Unchanged hall of beauty


Hall of Architecture @ Carnegie Museum

Over 50 years ago as an elementary school-aged child on a classroom field trip, I visited the Carnegie Museum of Natural History and Art for the first time. 

Just to offer a bit of historical reference about this famous Pittsburgh, PA landmark, the museums were founded by the wealthy businessman and philanthropist, Andrew Carnegie, in 1895. The original building which housed the fledgling museum was called the Carnegie Institute and also held the Carnegie Library.

The next year, the first Carnegie International, an exhibition of contemporary art, took place.  After that, the museum began acquiring a vast collection of artwork.

When Carnegie learned that prehistoric creatures’ bones were being uncovered in the western part of the United States, he sent crews of scientists to Wyoming where they discovered the first dinosaurs.

Dinosaur Hall was one of the aspects of the Carnegie Museum that I remember well from my first trip there. The other portion that I recall was the Hall of Architecture. When Papa and I visited the museum last month, I was pleased to find it still looked like it did all those years ago.  It was just as impressive and awe-inspiring as I remember it to be.

blogIMG_0583The Hall of Architecture, which first opened in 1907, is beautiful with its expansive space lit by a skylight ceiling. During that era of time, collections of casts were popular, so Carnegie’s institute began collecting architectural casts, plaster reproductions of classical sculptures, and bronze replicas. Today that collection is the largest in the United States.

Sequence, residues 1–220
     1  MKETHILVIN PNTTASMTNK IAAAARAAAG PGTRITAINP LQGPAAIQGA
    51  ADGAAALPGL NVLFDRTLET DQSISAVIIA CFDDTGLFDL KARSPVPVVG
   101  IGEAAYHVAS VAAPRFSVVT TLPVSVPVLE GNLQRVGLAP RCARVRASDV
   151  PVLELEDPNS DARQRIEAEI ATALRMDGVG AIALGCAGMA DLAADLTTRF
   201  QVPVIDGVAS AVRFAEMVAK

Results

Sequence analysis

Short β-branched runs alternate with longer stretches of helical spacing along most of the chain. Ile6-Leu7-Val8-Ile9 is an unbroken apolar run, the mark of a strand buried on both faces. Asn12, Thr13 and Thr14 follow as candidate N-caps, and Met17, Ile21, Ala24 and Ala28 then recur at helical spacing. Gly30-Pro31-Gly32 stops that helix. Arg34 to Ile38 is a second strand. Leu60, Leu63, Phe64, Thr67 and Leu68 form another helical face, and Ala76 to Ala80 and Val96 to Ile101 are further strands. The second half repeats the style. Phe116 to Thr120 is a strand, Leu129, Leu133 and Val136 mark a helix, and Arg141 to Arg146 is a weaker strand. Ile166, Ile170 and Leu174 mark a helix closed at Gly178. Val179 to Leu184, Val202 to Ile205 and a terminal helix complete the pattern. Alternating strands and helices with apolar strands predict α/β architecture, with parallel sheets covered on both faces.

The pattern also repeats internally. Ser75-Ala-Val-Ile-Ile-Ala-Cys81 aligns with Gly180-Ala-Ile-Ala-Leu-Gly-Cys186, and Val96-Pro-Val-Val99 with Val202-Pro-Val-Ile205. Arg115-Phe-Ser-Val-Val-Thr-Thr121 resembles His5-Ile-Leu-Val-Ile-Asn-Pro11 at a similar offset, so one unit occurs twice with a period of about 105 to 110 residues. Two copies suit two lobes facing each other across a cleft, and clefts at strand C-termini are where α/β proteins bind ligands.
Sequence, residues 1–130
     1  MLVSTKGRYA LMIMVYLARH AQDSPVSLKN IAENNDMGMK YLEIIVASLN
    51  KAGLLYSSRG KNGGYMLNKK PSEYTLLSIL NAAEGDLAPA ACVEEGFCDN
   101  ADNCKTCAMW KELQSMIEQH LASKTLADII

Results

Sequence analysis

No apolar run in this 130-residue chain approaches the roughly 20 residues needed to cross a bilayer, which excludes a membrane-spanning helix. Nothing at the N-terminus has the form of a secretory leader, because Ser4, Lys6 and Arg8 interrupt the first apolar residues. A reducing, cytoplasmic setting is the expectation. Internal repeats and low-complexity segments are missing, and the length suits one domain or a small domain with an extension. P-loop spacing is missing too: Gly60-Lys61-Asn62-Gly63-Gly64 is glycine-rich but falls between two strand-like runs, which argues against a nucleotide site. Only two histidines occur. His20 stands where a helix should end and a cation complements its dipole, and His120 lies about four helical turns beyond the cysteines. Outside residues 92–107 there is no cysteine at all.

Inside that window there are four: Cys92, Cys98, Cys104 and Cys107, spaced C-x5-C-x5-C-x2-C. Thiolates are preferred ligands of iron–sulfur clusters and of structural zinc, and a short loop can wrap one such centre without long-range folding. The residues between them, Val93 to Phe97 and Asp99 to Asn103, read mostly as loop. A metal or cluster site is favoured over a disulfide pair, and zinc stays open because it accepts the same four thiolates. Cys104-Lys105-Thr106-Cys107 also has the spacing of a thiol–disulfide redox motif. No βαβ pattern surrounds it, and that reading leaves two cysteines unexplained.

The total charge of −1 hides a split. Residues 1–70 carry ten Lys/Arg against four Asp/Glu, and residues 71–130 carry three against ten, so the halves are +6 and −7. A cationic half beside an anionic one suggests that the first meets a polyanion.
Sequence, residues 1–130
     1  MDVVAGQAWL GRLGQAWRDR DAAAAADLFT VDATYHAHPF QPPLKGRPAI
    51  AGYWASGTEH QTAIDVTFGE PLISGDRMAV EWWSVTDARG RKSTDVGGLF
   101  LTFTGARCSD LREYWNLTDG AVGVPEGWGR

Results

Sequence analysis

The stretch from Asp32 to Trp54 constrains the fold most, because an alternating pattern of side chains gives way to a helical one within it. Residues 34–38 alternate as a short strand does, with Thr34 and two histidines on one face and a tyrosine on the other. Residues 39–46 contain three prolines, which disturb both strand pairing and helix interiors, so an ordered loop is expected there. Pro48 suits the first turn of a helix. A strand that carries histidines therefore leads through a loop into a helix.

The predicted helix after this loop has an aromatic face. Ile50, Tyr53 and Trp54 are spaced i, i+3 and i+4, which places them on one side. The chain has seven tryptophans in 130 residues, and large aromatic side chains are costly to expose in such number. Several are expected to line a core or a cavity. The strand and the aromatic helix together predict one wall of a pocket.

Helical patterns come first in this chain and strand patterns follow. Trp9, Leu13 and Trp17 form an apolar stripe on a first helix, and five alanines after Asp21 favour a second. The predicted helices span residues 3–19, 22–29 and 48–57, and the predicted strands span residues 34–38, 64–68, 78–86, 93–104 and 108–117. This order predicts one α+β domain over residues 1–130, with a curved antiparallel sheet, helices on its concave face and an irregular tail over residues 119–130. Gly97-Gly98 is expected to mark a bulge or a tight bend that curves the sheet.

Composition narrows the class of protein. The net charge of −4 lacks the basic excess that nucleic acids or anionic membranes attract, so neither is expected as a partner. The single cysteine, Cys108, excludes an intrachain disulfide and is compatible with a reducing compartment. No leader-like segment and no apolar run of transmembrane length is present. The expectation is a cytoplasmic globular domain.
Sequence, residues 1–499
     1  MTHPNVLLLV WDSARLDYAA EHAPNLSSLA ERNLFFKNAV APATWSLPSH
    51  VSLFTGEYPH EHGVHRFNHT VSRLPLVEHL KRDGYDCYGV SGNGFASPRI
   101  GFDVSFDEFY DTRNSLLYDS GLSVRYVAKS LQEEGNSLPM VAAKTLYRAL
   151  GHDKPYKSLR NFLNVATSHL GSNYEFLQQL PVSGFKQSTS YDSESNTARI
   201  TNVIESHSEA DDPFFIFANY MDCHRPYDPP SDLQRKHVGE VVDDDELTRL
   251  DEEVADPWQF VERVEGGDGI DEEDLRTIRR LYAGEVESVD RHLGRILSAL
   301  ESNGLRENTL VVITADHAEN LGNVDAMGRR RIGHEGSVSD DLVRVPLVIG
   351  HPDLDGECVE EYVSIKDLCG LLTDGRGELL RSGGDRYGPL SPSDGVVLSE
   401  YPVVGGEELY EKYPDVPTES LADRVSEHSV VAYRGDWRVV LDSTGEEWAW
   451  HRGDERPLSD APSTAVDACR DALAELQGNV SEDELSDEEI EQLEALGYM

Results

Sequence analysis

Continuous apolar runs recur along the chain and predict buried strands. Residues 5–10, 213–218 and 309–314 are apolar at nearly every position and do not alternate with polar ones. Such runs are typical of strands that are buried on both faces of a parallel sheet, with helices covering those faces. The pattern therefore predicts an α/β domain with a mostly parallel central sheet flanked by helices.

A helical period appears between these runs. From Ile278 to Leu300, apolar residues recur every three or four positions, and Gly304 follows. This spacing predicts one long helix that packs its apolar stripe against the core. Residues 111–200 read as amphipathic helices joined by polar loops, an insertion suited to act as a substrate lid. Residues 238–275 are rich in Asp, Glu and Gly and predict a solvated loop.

blogIMG_0585To say the Carnegie Museum of Natural History and Art is a gem is an understatement. Those who visit Pittsburgh should definitely include it on their list of “must see.”  They will not be disappointed. We certainly weren’t.

“As an architect you design for the present with an awareness of the past for a future which is essentially unknown.” ~ Norman Foster

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Weekly Photo Challenge: Unexpected


Unexpected.  This week’s photo challenge.  I think that’s a perfect term to describe one of my favorite cities.

You see, way back in 1784, here’s what one of our esteemed United States Congressmen had to say about this city (read his comment in the above photo).  Seems like he didn’t expect much from Pittsburgh.  According to his opinion, the place would “never be considerable.”

Well, Mr. Lee, I believe you got it all wrong.  People still have it wrong.  Folks from other parts of the country and even the state of Pennsylvania think they know Pittsburgh.  They seem to have certain expectations about this city that don’t prove favorable.  Many think it’s just an ugly, dirty town.  And are they ever wrong.

I think they need to come visit just once because their expectations might be challenged considerably.  It’s a beautiful place filled with worthwhile sites to see and friendly people.  Click here to see for yourself.  And if you don’t believe me that it’s one photogenic place, visit here to see gorgeous photos of Pittsburgh taken by photographer Matt Robinson.

Unexpected?  Pittsburgh?  You bet.


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